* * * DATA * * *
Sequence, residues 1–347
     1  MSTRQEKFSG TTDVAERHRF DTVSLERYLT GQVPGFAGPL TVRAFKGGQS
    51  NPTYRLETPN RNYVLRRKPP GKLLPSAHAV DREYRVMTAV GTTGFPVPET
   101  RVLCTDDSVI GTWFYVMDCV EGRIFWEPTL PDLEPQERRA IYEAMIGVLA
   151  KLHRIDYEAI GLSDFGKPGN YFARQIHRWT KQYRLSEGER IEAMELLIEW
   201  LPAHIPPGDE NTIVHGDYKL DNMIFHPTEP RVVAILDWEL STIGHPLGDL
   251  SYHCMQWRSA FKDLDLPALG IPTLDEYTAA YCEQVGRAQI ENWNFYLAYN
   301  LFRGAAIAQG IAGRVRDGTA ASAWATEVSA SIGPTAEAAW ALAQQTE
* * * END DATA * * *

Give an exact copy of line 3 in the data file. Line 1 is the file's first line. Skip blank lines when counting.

    51  NPTYRLETPN RNYVLRRKPP GKLLPSAHAV DREYRVMTAV GTTGFPVPET